Meditations for Layfolk - Duties of Children

The first duty of a child is to obey God through its father and mother. For that we have Divine warrant, and in the Old Testament we find that this is insisted on under the extreme penalty of death. The only limits put to this obedience on the part of children are the limits of wrong-doing: "To love, reverence, and obey our parents in all that is not sin." This strait subjection of the child to the parent, since it is the result of the natural bond between them, should, be a subjection which is softened and made easy by love. That is to say, the mere physical strength of the parent is neither the origin nor the measure of that obedience, but both are based upon a definite relationship which is absolutely different in kind to the mere relationship of guardian and ward. Consequently the sense of ungrudging allegiance must enter in as an essential constituent. The feeling is to be deeper than mere juxtaposition or dependence, and to be derived from an almost instinctive appreciation of each other's affection. Whether or not this affection exists emotionally should not make an appreciable difference to the duty. It is, unfortunately, a possibility to find parents and children sometimes at open war, due, apparently, as much to incompatibility of temper as to anything else an incompatibility arising often from sheer family likeness. But even so the child has duties of obedience to its parents, precisely because they are parents.

It is needful to notice that the child has these duties, for the law of obedience affects the child only while it is a child. No one has said that a man or woman is bound to obey their parents. Obedience in the direct meaning of the word ceases when the age of childhood ceases; for as children their lives seem, by a law of nature, to be not altogether severable from the family life. The dependence is so great (greater far and longer than the dependence that exists in the animal kingdom between cub and mother) that physically the whole group can be considered as one. So, too, in the moral view of the family the effect of elder upon younger is so intimate and so intense that, again, for practical purposes, the child is sanctified in the faith of the father. But later, when the child has become old enough to determine itself fully as a separate existence, it must for itself settle the details and main movements of its own life. Obedience has ceased to be a necessity and would become a hindrance. Reverence and respect remain always; influence may survive, but authority has departed. In matters of religion they can no longer dictate to me; they have no longer on them the charge of my soul. For myself and by myself I sink or swim. It is I who choose my partner in life, not they for me. They can, and should, no doubt, offer me advice. It is advice and nothing more, to be listened to with attention, the more because they are my parents, but not for that implicitly obeyed.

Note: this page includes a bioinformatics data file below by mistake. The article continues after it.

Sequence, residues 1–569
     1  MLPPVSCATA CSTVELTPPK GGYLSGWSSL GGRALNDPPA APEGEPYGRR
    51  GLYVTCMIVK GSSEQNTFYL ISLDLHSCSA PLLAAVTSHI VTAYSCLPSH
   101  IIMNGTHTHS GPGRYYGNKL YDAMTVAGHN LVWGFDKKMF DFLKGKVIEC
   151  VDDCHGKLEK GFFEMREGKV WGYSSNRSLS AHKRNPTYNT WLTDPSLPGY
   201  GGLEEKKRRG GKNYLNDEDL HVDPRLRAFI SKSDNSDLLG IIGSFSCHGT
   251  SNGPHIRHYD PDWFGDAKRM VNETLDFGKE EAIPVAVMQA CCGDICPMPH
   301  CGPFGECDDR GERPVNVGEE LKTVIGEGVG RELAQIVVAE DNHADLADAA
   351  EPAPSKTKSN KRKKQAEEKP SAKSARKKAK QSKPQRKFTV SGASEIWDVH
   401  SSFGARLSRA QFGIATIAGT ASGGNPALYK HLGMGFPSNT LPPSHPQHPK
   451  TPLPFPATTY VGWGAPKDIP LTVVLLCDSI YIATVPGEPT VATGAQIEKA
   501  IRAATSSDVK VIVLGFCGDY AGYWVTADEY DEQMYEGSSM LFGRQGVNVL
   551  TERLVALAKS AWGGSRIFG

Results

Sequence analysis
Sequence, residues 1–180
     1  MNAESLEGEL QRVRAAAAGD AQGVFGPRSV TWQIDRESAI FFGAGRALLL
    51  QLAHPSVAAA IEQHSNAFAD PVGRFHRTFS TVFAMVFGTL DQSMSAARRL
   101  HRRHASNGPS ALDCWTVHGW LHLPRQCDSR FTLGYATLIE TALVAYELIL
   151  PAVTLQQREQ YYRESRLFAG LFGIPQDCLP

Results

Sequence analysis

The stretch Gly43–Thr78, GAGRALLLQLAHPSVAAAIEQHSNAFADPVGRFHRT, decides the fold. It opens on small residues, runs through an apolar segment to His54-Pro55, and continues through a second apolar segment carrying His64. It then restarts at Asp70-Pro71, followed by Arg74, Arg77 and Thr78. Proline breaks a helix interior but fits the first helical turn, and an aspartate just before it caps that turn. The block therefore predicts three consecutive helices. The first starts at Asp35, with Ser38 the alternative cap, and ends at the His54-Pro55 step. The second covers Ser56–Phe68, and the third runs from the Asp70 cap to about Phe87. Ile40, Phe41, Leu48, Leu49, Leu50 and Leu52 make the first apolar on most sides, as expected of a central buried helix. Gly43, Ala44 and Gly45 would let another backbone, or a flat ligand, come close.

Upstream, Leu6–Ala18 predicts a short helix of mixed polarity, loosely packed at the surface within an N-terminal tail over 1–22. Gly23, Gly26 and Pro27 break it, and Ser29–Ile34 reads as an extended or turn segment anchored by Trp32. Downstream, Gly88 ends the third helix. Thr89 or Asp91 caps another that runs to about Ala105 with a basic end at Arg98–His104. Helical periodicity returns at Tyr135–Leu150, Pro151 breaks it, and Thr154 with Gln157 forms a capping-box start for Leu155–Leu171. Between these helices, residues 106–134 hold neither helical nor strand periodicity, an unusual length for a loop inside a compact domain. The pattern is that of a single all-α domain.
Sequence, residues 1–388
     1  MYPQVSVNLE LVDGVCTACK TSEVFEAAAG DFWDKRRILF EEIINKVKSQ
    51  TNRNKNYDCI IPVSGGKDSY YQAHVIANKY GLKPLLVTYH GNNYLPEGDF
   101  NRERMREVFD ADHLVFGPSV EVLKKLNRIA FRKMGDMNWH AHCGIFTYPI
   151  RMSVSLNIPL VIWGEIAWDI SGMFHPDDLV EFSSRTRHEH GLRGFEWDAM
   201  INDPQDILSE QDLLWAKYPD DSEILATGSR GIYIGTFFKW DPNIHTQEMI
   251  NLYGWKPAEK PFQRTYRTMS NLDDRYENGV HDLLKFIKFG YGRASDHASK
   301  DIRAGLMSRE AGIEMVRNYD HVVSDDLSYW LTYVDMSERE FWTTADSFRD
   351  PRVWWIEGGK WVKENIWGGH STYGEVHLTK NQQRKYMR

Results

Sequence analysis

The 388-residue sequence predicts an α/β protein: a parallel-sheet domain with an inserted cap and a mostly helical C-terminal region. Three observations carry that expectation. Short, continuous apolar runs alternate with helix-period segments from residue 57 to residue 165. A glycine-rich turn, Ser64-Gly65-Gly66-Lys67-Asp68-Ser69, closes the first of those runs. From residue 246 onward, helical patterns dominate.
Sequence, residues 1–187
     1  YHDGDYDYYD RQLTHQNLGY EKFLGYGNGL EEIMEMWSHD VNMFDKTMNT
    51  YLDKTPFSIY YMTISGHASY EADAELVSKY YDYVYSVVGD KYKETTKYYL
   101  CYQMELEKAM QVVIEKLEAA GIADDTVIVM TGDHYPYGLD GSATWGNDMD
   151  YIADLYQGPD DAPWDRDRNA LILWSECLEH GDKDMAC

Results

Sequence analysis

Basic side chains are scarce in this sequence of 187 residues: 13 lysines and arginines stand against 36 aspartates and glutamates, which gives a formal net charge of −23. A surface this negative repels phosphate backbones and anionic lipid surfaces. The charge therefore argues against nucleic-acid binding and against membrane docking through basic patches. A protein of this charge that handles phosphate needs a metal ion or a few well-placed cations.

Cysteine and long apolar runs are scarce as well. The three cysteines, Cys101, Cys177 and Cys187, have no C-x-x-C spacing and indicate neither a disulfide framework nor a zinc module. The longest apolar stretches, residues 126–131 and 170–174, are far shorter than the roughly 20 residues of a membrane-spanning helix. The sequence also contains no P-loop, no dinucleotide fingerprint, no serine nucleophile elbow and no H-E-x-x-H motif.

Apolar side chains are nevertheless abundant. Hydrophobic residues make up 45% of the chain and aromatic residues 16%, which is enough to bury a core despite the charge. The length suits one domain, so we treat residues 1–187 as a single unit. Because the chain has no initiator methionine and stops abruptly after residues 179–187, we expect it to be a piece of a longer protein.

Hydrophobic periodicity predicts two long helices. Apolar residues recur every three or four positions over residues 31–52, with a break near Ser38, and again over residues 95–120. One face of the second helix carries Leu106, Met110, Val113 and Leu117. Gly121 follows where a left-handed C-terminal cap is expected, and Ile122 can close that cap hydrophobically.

So long, then, as obedience claims me in childhood, let me look to it that this obedience is given ungrudgingly, that it is not spoilt by incessant grumbling. The weariness of life, springing at times from the very closeness between me and my parents (for this mere physical approximation, while it usually stimulates the emotions of love, may at times cause an increase of irritation), must never force me to renounce that duty of obedience which the commandments of God ordained and the life of my Master preached. But when I have outgrown the dependence of childhood and am of sufficient age to think and act for myself, in the interests of my own soul, then obedience may have a cramping effect upon my character. The very purpose for which I was created was to serve God with all the individual faculties - such as they are - with which He endowed me. Now if I allow myself to be overridden by any other, I may do more work in the world, but not such as I alone can contribute. My personality has been lost, and the account I render is not for my talent, but for another's. The intelligence, experience, richer nature, greater moderation of my parents must be to the end of my life a law, "not a force, but a perfect guidance with perfect love"; but my life is always my own and God's. Hence to their warnings and promptings, I must show ever patience, respect, consideration, gratitude; but I cannot hope to plead their commands as an excuse for my actions to the judge, any more than I could the orders of the State or the counsel of the priest. The ultimate responsibility of a man must lie always with himself.

- text taken from Meditations for Layfolk by Father Bede Jarrett, O.P.